Thursday, 21 May 2015

Poor but not quite destitute

the old Peruvian National Library building
as portrayed on the back of a hundred soles banknote

Traffic in Lima is unquestionably brutal. Driving is a cut throat business that, if you’re not too worried about your blood pressure, can be quite exhilarating, requiring aggression and creativity in equal parts.

The last time I was living there, I was passenger in a taxi which got involved in a bit of a fracas in the street. Needless to say heated gestures ensued, and as the taxi driver drove off he spat out one word at the other motorist ….  serrano.

He nodded and smiled knowingly at me in the mirror. But I chose to remain silent in the back. Serrano, of course, means someone from the mountains.

There’s no doubt that things are far different now from the times when tio Hernan was writing his Anecdotes. But for me words tell stories, and the traffic incident was testament to a society still grappling with the lingering subtleties of racism and inclusion.

Tello was a mountain Indian who overcame financial difficulties and social obstacles to reach the position he did. He was a fierce advocate for indigenous communities, and I think his single minded refusal to be intimidated by the coastal elites of the time is a large factor in the legendary status he holds today for some Peruvians.

The rags to riches angle is inspiring. But in this story Hernan, who was himself from the central Andean highlands, takes issue with what he sees as a somewhat patronising portrayal of his hero. And reminds his readers that the concepts of money and position then, as now, can often be relative.

Poor but not quite destitute 
Wherein we learn of the reason for Tello's brief accomodation crisis and his subsequent rescue by an eminent Peruvian historian

Two days after Tello’s death there appeared an article in La Tribuna under the title Julio C Tello, Illustrious Amauta. I believe it’s possible that this article has been the source of some resulting biographies grossly overstating Tello’s supposed penury.

Thursday, 14 May 2015

Point of departure

photograph by José Alva

Hernan’s 50 Anecdotes del Sabio Tello don't only tell the stories of the expedition team's adventures around Peru in the 1930s and 40s.  Several of them also tell the story of Tello himself.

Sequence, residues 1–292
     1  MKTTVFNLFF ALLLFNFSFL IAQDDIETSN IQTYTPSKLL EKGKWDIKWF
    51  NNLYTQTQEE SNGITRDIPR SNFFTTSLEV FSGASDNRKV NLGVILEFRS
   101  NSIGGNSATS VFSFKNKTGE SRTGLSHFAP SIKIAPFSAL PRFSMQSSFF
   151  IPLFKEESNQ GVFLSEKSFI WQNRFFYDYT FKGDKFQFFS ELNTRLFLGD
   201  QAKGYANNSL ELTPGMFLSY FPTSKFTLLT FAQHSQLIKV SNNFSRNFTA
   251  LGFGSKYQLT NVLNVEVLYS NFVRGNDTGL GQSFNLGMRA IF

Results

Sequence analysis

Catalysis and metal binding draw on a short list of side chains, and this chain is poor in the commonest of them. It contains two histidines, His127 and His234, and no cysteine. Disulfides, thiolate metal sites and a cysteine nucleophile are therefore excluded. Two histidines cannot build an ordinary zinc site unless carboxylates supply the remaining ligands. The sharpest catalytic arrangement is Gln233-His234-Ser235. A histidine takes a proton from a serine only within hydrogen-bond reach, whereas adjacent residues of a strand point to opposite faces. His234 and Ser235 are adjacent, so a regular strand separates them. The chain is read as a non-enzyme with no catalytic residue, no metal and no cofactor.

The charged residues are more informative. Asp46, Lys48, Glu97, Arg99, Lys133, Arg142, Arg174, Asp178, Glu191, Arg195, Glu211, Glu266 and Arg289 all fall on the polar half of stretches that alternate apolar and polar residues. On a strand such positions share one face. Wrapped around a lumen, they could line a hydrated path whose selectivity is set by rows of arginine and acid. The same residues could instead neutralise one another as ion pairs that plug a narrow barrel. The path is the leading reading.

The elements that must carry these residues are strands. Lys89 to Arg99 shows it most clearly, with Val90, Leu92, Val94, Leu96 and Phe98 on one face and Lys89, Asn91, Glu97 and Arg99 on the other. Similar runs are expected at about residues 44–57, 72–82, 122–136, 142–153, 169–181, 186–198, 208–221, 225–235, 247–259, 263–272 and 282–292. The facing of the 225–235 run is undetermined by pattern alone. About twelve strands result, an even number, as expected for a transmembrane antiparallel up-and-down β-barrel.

How did this boy from the mountains come to be 'arguably the greatest Native American social scientist of the twentieth century'?*

Point of departure
In which we find our where it all began for Tello

Scattered all over Peru are the chulpas of our ancestors. The burial towers and chambers where ancient Peruvians lie swallowed up in their eternal slumbers are where today’s farmhands, shepherds and animals continue to find shelter.

Many of them lie so far off the beaten track that they are never visited. One of these sites, Chuicoto in Huarochirí, was where the young Tello used to hide himself away and play as a small boy. 

Wednesday, 6 May 2015

A meagre harvest

If you're reading this in the UK this week, the mere mention of politics will probably be enough to make you slam shut your laptop. All I can say is good luck to you all tomorrow.

Peru doesn't go to the polls until May 2016, but already seems set for the usual tumultuous year of electioneering nonsense. Get ready to jump aboard the magic roundabout.

All this by way of forging a (somewhat tenuous)  link to this latest story from the Anecdotes. Land rights I suspect haunt the dreams of many a Peruvian politician. It's a complex issue, with no easy fix guaranteed to unravel the fearsome web of conflicting interests. That said - no reason not to try.

In this story. Tello's assistant Mejía Xesspe bigs himself up and poses as a special government envoy in an attempt to track down some ancient artefacts. In the process he gets caught up in the brouhaha between two provincial warring factions.

A meagre harvest
In which we see what happens when the gloves come off in a rural community in Andahuaylas

Tello had always been really fascinated by the Inca quero. So it was with great excitement that one day in October 1925, his devoted follower Toribio Mejía Xesspe, reported that he was on the scent of a trail that promised to uncover some. There ensued a saga that Tello always delighted in recounting to us with great amusement.